‘Go on. Tell me,’ she sighed, leaning on a tiny hump-backed bridge that spanned a pond, its water edged with ice. She looked down at the carp sliding in slow waves under the surface, their golden-red scales matching the glints of Rebecca’s hair as it was mirrored in the dark water.
‘Tell you what?’ Rebecca turned away, leaning back on the stone parapet to stare up at the sky, its dour greyness reflecting the way she was feeling.
Sara took hold of her and pulled her round so that she could look into Rebecca’s eyes. ‘What’s worrying you? What you are so scared of? Come on Rebecca, I know you well enough by now.’
The noise of a passenger jet approaching Heathrow drowned out the reply as Rebecca walked away, over the neat furrows of shingle, her footsteps slurring the sea-washed gravel out of its regimented order. Sara could see the tension, the tight shoulders, the way Rebecca walked, holding herself in, not only a physical stiffness, but an emotional rigidity as well. And she remembered the things that Rebecca had seen this morning, the things that Sara experienced every day at work.
Shit. She hadn’t thought about it had she? The bodies, the blood, the violence, and Straker, lying there on that sofa, unresponsive. Damn. She wondered how the hell Rebecca had managed to hold herself together for this long.
She hurried after her, grabbed her, held her. ‘It’s all right, it will be all right, it’s over,’ Sara murmured, as she had done so long ago when Rebecca had cried in her sleep in hospital.
It took a while. The torrent of shock and grief poured out as Rebecca sobbed unrestrained tears, as Sara held her and the sky grew darker, until, after the storm of her distress, she calmed and rested against her friend and allowed the cool winter air to soothe her face.
Sara’s phone rang, and Rebecca lifted her head away and grimaced. ‘Look at me. Twice in one day. Sorry.’
‘No need. Just let me answer this,’ her friend said, digging in her pocket, ‘Dr Harper.’
‘Ah, Dr Harper, Miss Ealand here. Can you come to Reception? Miss Steel’s group will be arriving back here soon.’
There was nothing for it but to agree, although Sara was worried about letting Rebecca return to the Shelter. She sighed and stood up, ‘Come on. The guys will be waiting for us.’
‘Well, back to the grindstone then.’ Rebecca wiped her face once more, gave a sheepish grin to Sara and took her arm as they walked to the large building in the distance.
Alec closed the folder and looked up at the three men around the table. ‘This doesn’t help much, Jackson. I need to find some way to identify clones. Dammit, if they could fool me with a genetic copy of Ed, who knows what they might have achieved by now. There might even be clones in headquarters.’ He sighed and rubbed his face with a tired hand. ‘Any suggestions before we move on?’
Jackson cleared his throat, ‘Perhaps we should talk to the Commander. After all he did see the clone while it was still alive. He might be able to give us some small details that would help. The way it moved for example, or how it spoke. Is that possible Colonel Freeman?’
There was a pause as Freeman twisted his ring finger in one hand, his head down, thinking. ‘As long as we don’t tire him too much. But we need to know exactly what we are up against and Ed might be the only one who can help us. Keith, I need you to stay here and monitor things.’ He stood up, and grimaced, ‘Come on gentlemen, let’s go.’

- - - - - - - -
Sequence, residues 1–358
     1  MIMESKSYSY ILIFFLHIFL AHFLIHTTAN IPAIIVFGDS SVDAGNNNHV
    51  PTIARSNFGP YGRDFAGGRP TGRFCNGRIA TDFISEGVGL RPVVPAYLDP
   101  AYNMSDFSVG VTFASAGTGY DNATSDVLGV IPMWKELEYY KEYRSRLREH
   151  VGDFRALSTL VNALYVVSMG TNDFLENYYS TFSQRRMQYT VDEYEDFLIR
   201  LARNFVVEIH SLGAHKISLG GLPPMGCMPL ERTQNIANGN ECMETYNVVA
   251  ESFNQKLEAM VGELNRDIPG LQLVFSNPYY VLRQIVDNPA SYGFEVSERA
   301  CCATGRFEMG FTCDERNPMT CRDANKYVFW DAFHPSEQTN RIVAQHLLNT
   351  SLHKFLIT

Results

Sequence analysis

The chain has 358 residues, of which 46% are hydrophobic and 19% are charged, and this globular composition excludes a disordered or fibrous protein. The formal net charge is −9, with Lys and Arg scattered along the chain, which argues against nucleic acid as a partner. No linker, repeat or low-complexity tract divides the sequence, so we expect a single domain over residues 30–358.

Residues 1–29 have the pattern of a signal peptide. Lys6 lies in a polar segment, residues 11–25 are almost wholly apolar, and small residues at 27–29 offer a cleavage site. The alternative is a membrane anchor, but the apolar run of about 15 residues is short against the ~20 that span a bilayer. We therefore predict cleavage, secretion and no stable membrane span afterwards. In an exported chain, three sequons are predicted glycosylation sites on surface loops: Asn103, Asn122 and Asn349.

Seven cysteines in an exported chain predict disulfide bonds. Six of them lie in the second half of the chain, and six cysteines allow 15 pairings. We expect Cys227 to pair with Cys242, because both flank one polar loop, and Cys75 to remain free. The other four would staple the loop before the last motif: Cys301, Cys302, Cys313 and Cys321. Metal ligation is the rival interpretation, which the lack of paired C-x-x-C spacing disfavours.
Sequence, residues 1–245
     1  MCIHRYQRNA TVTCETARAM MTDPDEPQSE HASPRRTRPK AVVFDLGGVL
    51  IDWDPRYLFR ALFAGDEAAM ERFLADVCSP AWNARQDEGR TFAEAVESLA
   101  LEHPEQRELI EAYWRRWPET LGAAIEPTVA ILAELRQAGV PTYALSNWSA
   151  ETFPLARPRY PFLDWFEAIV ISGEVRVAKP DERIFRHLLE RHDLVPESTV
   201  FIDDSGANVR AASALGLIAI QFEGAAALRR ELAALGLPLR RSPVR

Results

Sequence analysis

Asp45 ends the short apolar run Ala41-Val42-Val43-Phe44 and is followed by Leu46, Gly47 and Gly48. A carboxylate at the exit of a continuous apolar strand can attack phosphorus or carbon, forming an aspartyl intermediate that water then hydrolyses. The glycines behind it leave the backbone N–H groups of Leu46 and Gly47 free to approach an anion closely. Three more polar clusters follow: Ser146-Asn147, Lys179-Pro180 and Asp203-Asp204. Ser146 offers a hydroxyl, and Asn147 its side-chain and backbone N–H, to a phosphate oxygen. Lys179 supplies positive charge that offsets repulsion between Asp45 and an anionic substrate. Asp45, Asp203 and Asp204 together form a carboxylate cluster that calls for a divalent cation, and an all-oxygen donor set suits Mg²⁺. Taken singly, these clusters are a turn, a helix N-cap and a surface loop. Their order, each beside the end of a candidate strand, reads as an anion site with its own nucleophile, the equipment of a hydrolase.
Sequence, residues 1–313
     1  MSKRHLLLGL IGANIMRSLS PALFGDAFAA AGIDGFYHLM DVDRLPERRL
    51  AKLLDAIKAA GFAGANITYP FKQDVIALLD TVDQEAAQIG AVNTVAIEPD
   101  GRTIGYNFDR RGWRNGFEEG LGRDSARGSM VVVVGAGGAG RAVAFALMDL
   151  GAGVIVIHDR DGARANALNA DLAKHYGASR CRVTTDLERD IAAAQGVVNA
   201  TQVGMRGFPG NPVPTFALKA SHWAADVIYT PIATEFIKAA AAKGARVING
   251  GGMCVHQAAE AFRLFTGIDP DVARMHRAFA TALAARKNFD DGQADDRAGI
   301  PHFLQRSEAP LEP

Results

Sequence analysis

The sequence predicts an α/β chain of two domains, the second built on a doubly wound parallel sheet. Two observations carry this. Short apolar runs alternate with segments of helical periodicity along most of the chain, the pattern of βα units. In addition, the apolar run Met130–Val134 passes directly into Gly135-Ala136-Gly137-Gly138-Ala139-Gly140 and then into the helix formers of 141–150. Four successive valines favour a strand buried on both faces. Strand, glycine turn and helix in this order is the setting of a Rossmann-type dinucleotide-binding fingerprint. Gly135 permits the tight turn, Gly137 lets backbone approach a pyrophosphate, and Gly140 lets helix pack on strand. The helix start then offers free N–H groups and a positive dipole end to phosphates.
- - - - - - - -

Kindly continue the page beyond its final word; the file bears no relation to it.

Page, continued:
He picked up an overnight bag that had been lying on top of the Perspex desk and led the way, heading for the quiet corridor between HQ and Mayland. The route had been ‘shut down for maintenance’ so there was no possibility of them meeting anyone once they had passed the SHADO Science Department.
Straker was dozing, but he awoke and sat up as the door opened and the trio entered. ‘Alec? What’s happened?’
There was no point in prevaricating. ‘The clone, Ed. Your clone. We need to know everything you can remember. The slightest detail. How it walked, spoke, anything that might help us identify any others.’
Straker frowned, ‘There’s not much I can tell you. I remember seeing……’ The flinch was almost imperceptible, but Jackson stepped forward as Straker paused.
‘Commander, take your time, please. We have to get as much information as possible, however irrelevant it might appear to you.’ He regarded Straker through half-closed eyes. ‘Anything Commander; the tiniest thing. A sound, a smell, one unusual feature that you might have noticed, perhaps without being aware of its relevance. That is what we need.’
They waited as Straker leaned back, thinking, his eyes focussed on the ceiling and fingers lying motionless on the white blanket, lips parted and moving as, murmuring to himself, he relived that moment.
There was silence in the room, each one hoping that some random spark of memory would provide them with that one thing they needed. A means of identification.
The man in the bed sighed. ‘No, there’s nothing. I can’t recall anything unusual, apart from the fact that it was me. I mean…I…,’ he halted, almost stuttering with the stress of the memory. ‘It was… I knew that it wasn’t me, but yet it was. I don’t remember much after that. Just …….’ He closed his eyes in an effort to recall.
The voice was soft and gentle, ‘Relax Commander, it was a suggestion, that was all. There is no need to be concerned that you are unable to remember what happened. In fact it is remarkable that you have any recollection of the events.’
Straker pressed his hands against his face as if trying to push away those quiet fearful memories, before he looked up again. ‘Sorry Jackson, I can’t help at all.’ He grimaced. ‘I wish I could.’